When a person passes away and leaves behind assets set aside for family members, friends and charitable organizations, some of these beneficiaries may have to pay taxes on the value of whatever it is that they received. This is an inheritance tax — which is not the same as estate taxes. New Jersey no longer collects estate taxes, but the federal government does.
New Jersey is one of six states that collects an inheritance tax, so how it works is not widely known. Some states have set a single inheritance tax rate. That is not the case here, which is one reason why this whole thing is confusing to so many.
Inheritance tax basics
Not all beneficiaries have to pay taxes on the property they inherit. Those who are exempt from paying these taxes include:
- Domestic partners
- Religious institutions
- Educational institutions
The state considers the family members Class A beneficiaries, while the organizations listed fall into the Class E beneficiary category. There are two other beneficiary classes: C and D. Those in these classes may have to pay inheritance taxes when the property value reaches a certain amount. For example, Class C beneficiaries only need to pay taxes on inheritances that value more than $25,000.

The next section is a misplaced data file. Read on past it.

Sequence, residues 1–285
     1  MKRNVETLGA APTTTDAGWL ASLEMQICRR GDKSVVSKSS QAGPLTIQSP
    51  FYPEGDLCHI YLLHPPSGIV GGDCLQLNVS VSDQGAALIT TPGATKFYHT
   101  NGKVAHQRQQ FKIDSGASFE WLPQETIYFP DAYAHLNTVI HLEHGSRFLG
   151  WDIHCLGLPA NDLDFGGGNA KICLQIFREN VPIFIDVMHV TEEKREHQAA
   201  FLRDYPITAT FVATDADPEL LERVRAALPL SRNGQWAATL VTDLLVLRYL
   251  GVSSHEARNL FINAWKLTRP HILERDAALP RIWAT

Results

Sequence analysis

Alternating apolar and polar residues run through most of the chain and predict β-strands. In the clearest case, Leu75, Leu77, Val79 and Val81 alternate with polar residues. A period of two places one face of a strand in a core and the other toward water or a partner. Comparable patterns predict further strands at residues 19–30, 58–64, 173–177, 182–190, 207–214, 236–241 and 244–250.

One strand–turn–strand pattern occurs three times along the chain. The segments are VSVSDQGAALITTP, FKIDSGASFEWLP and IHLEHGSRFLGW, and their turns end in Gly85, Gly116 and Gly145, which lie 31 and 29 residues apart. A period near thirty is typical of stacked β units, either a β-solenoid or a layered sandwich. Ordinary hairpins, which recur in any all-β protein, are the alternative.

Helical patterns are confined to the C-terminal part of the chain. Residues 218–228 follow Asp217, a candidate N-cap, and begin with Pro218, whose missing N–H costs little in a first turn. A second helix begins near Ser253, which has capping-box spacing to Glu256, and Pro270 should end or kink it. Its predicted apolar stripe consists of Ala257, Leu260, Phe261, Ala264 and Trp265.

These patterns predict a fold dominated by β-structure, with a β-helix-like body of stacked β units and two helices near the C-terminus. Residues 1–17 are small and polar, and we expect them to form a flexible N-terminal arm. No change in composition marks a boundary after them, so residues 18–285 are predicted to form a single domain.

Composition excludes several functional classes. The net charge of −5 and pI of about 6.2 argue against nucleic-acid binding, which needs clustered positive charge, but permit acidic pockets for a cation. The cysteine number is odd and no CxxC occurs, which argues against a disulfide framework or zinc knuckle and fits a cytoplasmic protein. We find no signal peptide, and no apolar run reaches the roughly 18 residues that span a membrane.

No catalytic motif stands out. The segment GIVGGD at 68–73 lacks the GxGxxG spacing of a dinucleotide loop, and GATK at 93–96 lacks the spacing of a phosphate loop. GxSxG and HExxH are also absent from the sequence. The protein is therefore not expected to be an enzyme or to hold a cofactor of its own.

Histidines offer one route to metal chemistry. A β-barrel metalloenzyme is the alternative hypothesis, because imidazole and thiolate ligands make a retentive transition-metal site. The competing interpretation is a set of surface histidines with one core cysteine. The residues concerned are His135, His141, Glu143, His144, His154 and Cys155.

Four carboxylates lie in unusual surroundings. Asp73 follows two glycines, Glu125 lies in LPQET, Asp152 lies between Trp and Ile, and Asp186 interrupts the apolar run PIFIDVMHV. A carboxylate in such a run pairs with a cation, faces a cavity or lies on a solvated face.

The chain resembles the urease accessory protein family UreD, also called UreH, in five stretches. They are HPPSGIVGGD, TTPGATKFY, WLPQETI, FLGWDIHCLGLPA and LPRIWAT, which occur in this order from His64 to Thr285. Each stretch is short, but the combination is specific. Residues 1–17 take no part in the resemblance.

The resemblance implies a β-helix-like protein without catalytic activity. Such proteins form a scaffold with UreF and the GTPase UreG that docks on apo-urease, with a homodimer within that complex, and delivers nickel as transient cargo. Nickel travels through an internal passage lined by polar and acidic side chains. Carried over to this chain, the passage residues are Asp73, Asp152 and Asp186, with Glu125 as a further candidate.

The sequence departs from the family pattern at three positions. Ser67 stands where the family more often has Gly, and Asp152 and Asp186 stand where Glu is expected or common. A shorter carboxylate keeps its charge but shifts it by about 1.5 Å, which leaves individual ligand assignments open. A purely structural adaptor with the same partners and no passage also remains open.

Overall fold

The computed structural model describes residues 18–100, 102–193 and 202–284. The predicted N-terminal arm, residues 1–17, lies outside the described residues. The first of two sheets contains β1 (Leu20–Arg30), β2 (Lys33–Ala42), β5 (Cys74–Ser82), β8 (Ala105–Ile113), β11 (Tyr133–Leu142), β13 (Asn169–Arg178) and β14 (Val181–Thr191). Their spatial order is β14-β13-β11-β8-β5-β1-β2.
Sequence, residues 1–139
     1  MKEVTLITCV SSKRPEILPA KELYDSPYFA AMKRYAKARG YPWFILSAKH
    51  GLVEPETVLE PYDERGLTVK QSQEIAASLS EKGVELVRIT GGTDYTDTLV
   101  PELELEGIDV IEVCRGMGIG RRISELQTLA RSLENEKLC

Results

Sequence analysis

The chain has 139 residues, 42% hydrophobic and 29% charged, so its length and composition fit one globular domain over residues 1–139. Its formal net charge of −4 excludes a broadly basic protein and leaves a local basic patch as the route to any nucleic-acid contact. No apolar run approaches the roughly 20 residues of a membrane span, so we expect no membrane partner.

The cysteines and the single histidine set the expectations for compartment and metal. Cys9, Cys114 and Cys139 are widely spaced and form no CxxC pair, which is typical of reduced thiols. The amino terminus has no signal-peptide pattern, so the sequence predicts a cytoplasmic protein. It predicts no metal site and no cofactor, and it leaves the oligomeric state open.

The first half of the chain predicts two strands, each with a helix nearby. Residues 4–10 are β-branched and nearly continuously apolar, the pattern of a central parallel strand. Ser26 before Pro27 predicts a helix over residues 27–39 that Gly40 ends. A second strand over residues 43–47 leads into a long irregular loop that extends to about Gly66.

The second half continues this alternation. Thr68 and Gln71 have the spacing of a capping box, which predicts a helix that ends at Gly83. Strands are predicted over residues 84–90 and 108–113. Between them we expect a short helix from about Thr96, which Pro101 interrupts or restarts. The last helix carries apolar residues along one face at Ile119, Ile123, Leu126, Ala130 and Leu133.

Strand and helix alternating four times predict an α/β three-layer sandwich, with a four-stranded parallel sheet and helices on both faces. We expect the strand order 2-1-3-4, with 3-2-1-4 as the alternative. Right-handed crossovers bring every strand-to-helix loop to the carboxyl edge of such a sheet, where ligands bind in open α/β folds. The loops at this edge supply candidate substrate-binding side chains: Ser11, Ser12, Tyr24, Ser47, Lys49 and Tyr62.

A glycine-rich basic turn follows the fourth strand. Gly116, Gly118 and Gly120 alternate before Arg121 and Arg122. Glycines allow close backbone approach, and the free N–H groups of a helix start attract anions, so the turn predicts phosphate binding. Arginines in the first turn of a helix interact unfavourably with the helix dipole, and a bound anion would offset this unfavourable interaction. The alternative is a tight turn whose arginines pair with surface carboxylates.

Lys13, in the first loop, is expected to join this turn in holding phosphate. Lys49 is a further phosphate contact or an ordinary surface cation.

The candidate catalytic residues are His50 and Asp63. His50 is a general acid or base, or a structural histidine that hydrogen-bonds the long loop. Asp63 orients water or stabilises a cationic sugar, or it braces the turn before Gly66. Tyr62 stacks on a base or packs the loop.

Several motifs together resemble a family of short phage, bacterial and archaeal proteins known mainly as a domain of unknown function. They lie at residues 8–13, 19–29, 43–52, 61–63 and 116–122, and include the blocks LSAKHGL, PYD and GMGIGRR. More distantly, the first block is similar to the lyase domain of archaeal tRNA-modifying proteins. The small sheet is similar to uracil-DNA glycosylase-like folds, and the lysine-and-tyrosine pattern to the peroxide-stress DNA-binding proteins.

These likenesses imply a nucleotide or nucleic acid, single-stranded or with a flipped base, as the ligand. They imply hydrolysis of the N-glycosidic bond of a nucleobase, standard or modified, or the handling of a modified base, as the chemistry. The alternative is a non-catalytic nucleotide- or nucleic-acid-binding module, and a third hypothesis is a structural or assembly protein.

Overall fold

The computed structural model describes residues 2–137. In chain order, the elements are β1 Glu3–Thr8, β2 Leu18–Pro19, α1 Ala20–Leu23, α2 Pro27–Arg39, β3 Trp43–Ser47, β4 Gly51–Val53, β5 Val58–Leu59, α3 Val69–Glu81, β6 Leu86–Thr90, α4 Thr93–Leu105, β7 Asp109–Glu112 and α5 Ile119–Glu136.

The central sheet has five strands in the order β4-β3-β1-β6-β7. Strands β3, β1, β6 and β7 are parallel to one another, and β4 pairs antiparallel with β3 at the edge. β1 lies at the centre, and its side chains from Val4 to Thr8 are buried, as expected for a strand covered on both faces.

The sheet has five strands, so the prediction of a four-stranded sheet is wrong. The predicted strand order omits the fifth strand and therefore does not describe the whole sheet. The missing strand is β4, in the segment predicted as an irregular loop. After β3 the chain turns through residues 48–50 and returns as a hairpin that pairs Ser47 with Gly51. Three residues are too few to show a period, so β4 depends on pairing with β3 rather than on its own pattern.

As previously stated, New Jersey does not have just one inheritance tax rate. The state’s rates currently stand between 11 percent and 16 percent. The rate at which the government taxes your inheritance depends on your relation to the deceased and the value of the property received. Tax rates are subject to change from year to year.
Big business for the state
In the year 2017, the state received a total of 6,059 inheritance tax returns. Of those, nearly 4,500 were actually taxable. That same year, the state collected over $354 million in inheritance taxes. The average amount owed per taxee came to just under $80,000. It is big business for the state, so it is a tax law that is not likely to go away anytime soon.
If you stand to inherit property from someone’s estate, seeking help with the inheritance tax is wise. You may not have to pay this tax at all, but it is good to make sure you do your research so that you do not get slapped with penalties and additional taxes for not paying on time if it turns out you do have to pay.